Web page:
One of the short stories in my book “Women Becoming” is available to read for free exclusively on Lesbians Over Everything, a website and collective I’ve been following since 2017. LOE is a safe space for lesbians to share their personal and fictional stories, opinions on LGBT media, and even gay bar reviews. I’ve previously written for their Every Woman I’ve Ever Loved category. I really recommend it if you’re a woman who loves women, like me.
I wrote most of “The Flood” directly after reading one of my favorite short story anthologies called “Queer Fear.” As little as I formally venture into horror with my magical realism stuff, I love reading it, so these stories were right up my alley. “Queer Fear” reimagines the gay and lesbian experience as if we were faeries, ghosts, zombies, haunted by the violence we’ve experienced in our pasts but finding power in the monstrous. Another story in my book, “Wisteria,” was heavily inspired by this collection.
I came up with the idea for “The Flood” while I was still closeted, but wrote after I was out. It felt very satisfying to revisit the fear I used to have it and turn into some disastrous art.
Genevieve is no longer sure where her dreams end and reality begins. Tuesday night, in her dorm room, after Psychology 110, she rests on her messy bed, tugging her skirt down over her dark thighs, thinking. She thinks so much that sometimes, it drives her mad.
In class tonight, Dr. Cerulean talked of therapy students who diagnose themselves with what they’re learning. Genevieve didn’t want to say it, but secretly, she’s only a Psychology major because she might be mad. Not seriously mad, she tells herself, but she’s just curious, that’s all. What if she could pick apart her relationship with her parents, all Freudian like? Is homosexuality nature or nurture? She’s not a lesbian or anything, and she tolerates her parents just fine. She just needs to know. For a friend.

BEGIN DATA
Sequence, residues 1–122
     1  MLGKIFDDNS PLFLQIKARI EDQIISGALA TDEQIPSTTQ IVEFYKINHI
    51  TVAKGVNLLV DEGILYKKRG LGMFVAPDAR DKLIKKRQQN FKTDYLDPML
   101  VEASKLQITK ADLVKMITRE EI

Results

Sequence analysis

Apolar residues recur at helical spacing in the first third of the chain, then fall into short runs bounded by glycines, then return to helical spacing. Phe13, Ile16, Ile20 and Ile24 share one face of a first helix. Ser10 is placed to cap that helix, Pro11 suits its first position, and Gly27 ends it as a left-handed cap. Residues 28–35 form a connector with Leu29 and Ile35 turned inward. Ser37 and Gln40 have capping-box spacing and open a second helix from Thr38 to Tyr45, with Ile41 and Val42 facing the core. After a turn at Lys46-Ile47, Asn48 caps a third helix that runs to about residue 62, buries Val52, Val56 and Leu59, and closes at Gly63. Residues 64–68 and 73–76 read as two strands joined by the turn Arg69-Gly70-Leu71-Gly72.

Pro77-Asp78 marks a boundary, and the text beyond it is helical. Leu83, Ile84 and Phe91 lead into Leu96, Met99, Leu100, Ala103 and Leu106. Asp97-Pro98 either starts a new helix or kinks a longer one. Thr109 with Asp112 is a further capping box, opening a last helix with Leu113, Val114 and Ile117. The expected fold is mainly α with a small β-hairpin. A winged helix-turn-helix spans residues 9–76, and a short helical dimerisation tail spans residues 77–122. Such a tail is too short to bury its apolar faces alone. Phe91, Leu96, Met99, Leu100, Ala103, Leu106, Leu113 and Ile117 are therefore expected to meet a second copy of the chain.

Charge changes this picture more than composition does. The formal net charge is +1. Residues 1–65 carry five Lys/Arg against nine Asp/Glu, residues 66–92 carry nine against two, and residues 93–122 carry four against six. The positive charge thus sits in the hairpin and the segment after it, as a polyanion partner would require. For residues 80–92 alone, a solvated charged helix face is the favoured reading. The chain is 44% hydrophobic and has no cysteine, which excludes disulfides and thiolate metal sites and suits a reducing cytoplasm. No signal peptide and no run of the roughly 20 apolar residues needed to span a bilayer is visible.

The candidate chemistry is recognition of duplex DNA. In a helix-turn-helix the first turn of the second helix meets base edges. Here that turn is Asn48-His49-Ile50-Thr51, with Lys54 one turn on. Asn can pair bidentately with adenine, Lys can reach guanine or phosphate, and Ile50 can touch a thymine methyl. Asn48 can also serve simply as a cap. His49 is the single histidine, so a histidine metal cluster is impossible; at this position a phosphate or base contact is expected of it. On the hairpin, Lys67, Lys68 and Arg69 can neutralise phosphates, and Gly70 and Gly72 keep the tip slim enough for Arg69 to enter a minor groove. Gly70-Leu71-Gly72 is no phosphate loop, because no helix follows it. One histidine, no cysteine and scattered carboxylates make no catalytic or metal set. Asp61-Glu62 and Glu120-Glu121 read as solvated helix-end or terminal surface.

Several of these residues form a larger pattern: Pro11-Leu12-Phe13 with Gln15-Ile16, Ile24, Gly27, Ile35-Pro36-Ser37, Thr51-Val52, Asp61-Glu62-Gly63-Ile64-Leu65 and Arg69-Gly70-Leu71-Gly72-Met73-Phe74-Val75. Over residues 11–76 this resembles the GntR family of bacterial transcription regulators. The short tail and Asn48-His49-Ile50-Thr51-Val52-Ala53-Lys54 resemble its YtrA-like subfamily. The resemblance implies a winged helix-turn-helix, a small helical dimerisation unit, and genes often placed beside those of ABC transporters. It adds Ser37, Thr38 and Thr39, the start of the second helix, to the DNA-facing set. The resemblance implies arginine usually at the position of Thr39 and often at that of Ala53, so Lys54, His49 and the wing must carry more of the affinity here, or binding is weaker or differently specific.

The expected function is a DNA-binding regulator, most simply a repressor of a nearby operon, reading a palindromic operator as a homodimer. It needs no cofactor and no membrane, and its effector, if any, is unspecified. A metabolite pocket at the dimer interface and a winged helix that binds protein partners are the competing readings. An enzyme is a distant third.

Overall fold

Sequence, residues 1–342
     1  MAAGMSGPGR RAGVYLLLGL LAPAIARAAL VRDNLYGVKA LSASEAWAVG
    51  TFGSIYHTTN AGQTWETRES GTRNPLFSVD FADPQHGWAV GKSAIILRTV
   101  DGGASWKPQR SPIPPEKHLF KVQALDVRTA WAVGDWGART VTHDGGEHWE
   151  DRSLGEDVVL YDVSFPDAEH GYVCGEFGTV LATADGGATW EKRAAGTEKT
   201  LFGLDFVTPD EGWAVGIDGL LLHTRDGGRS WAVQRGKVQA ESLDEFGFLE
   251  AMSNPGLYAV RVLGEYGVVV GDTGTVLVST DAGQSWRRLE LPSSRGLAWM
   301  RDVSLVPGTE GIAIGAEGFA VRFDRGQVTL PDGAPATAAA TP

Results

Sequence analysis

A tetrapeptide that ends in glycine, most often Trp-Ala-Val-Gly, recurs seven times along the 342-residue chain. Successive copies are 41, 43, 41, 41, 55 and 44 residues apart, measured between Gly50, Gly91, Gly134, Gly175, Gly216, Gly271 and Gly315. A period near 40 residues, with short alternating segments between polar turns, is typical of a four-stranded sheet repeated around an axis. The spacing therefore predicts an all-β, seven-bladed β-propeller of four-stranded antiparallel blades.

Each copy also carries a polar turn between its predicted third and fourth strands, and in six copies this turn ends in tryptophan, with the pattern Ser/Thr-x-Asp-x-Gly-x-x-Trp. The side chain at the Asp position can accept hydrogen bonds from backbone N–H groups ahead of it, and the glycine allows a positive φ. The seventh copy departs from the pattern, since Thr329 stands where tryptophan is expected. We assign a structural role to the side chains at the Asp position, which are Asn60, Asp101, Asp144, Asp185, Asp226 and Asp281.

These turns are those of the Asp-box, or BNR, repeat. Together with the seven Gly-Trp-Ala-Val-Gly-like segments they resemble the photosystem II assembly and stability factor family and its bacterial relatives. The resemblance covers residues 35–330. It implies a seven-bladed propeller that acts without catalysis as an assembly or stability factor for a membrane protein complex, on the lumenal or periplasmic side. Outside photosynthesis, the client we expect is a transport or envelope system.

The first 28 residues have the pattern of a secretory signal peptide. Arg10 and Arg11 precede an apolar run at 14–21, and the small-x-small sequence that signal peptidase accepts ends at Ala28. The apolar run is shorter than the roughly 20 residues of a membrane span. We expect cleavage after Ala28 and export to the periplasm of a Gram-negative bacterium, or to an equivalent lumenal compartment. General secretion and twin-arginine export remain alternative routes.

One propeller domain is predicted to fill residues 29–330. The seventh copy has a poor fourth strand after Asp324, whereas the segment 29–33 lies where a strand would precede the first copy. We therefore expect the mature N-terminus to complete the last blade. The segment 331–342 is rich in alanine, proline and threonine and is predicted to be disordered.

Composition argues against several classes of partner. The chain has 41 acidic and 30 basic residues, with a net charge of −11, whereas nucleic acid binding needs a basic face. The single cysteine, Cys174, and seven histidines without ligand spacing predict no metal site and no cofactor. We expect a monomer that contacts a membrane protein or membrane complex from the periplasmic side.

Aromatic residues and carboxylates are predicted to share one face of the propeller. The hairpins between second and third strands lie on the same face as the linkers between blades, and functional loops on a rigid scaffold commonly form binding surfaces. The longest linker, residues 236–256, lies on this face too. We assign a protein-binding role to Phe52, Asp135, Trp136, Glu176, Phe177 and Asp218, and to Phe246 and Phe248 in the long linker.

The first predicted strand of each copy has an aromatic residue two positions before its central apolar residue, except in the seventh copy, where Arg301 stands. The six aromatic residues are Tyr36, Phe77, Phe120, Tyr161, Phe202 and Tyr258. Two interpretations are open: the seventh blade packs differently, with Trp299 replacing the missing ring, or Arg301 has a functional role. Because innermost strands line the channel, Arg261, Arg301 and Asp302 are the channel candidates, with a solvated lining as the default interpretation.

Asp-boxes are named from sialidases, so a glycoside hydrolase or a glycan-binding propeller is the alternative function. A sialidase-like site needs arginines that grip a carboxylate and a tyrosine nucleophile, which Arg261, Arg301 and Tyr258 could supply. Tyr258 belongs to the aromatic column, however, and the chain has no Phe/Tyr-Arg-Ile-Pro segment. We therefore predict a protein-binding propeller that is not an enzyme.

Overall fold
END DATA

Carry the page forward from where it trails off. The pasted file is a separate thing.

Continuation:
There’s going to be a knock on her door any minute now, as her very good looking classmate, Anabelle from down the hall, is coming for a visit. Genevieve has told herself that nothing’s going to happen, unlike last time, but she’s not sure she’ll be able to contain it if Annabelle, with her lips pierced, comes in wearing black and silk, or those pants that make her legs look carved out of marble.
Genevieve has told herself that she needs to see Bella again. She reaches for her dresser, where cellphone is charging, to send a text, and whilst fumbling for it, she knocks over her open bottle of Evian water. It begins to spill and bubble onto the messy contents of the desk, flooding onto her cellphone and its charger. A few sparks fly.
“Shit.” Genevieve shakes the phone wildly about to dry it off, but the screen is glitching, flashing. She smacks the phone against her hand, forgetful that the Evian is still tipped over.
The phone gives one last flicker of life. Genevieve groans and throws it onto her bed, thinking, stupid thing. What on Earth am I paying all this money for? Never mind that her parents pay for her phone bill. Water is still pouring from the neck of the bottle, onto the floor where she keeps her dirty shoes and trash.
“Shit.” She grabs the bottle, holds it right side up, but it continues, overflowing the neck.
“What on Earth?” The water smacks over the bottle top, splashing her hands and her sweater. She covers it with her hand and squints hard at the plastic column. Water rushes upward from within itself, like there’s a high powered spring at its core, and she can’t see through the opaque bundle of silvery bubbles.